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Committee looks at city council’s compensation

(Editor’s Note: This post was updated to reflect that based on the city of Kyle records dated back to the year 2000, Alison Castillo has not served on the Kyle City Council.)

By Amira Van Leeuwen

KYLE — Credit card and reimbursement policies of the Kyle City Council were visited by the Council Compensation Committee.

The Compensation Committee met on Aug. 10 to discuss and review policies related to the city council’s compensation including credit cards, reimbursements and any policies that fall in line with the city charter. 

The committee unanimously voted (6-0) to leave the city council’s compensation as is for the upcoming fiscal year.

In the current fiscal year 2021-2022, which ends Sept. 30, the city council has spent $134,006 out of its total approved budget of $224,928 as of July 30. According to the city’s Director of Finance Perwez Moheet, there is no breakdown of which members have spent that money because they are all combined.

“When you have seven together, not all seven are going to spend exactly the same amount,” Moheet said. 

The council members’ compensation is $1,000 per month, and the mayor’s compensation is $1,300 per month along with other benefits that include medical, dental and vision coverage. Premiums are paid 100% by city council members/mayor individually, if they choose to do so. 

The committee also had an extensive discussion about mileage reimbursement, where committee member Rose Burke motioned to recommend the change of the mileage amount in the budget from $24,570 to $23,000 with a $5,000 limit for the mayor and the remaining $18,000 divided among the six other council members to $3,000 per council member. The motion was seconded by Brandi Heindl and the recommendation passed (5-1) with Phoenix Askevich voting against.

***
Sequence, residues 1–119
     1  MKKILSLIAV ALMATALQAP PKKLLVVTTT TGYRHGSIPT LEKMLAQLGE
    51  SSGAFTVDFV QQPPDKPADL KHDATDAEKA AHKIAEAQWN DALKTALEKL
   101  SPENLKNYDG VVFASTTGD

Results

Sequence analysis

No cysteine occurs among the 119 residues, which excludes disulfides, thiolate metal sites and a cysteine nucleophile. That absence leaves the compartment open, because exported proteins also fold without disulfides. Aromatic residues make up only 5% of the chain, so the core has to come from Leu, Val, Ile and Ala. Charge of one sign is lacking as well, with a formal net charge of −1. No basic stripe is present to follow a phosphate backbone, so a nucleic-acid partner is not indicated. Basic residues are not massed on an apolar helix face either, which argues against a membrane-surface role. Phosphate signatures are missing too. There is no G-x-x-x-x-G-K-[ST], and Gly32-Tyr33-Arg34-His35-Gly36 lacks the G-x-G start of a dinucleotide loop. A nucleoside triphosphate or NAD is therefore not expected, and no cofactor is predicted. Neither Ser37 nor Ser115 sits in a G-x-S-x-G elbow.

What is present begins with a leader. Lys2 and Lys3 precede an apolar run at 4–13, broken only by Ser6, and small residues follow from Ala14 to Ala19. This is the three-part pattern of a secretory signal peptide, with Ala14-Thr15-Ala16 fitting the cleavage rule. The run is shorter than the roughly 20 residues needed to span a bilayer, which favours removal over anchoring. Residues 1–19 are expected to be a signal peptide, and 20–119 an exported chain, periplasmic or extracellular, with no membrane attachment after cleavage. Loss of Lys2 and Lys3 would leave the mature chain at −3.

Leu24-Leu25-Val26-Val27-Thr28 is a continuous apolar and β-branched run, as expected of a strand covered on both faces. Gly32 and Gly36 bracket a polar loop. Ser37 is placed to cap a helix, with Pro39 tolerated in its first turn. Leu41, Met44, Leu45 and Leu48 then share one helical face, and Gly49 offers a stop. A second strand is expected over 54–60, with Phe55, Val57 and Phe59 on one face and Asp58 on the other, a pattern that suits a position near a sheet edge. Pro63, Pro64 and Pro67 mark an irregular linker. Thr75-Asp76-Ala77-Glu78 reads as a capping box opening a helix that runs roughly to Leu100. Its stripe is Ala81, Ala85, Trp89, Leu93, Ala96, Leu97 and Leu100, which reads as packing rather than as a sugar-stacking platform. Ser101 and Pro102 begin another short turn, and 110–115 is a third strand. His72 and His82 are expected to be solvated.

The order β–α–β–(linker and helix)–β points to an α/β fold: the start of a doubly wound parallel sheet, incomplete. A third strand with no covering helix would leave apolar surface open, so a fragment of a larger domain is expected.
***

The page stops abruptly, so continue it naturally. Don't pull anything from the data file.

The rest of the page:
Although there are no wireless phone expenses proposed in the budget, the compensation committee also explored the idea of giving the city council a cell phone allowance. City staff said they preferred a cell phone stipend. 

Currently, the city council’s budget allows for $17,500 for computer hardware (city-issued laptops or iPads). 

“A lot of them prefer [city-issued laptops or iPads] because if something happens and there’s an open records request they don’t have to use their own personal equipment for city business,” said Jerry Hendrix, acting city manager.

Committee member Brad Growt questioned why city staff wasn’t giving the city council a VoIP license with a city-provided phone number. 

“From a cost perspective, that would be much better, plus y’all would retain control of the number,” Growt said. “It’s transparent, and it’s a negligible technology cost that actually makes everything more secure and brings it more under the auspices of the city.” 

Heindl motioned not to recommend a cell phone allowance, which was seconded by Askevich, and the motion passed (6-0).

Prior to Aug. 10, the compensation committee had a meeting on Aug. 3 which included frequent back-and-forth attempts to clarify what should be an allowable expense instead of what city council members should be paid for.

Alison Castillo said that compensation should only be what a council member has spent to be on the council.

 Burke brought up the point about maintaining a professional image regarding outward appearance.

“Some people think they want to present a better image, they want to dress up a little bit and maybe they want to wear a suit or something they would have some dry cleaning and that. Well, normally under regular business expenses, anything like that, that is on you,” Burke said on Aug. 3. “However, I could see where if you were given a thousand dollars, you might take that into consideration, that includes me covering that kind of thing where I want to get my nails done, if I want to get my hair done — you know I want to provide a more professional image.”

 Askevich said that the idea of paying someone a stipend to do their nails does not seem right.

 “TV personalities have to get paid for their looks and appearance, but that’s because that’s their professional job,” Askevich said.

 Compensation committee members also indicated they were ill-prepared to review city council compensation due to the lack of provided documents.

“To be honest, I thought we were going to have some kind of packet when I got here. Not to look like I don’t know what I’m doing, but I looked at the packet, and the packet I received was just an agenda,” Burke said.

Committee member Mario Perez agreed with Burke that it was his understanding that the compensation council would be supplied with a draft of the policies.

 The Compensation Committee Council will bring recommendations from the Aug. 10 meeting to the city council that include clarification, among other facts, on Aug. 16 at 5 p.m.

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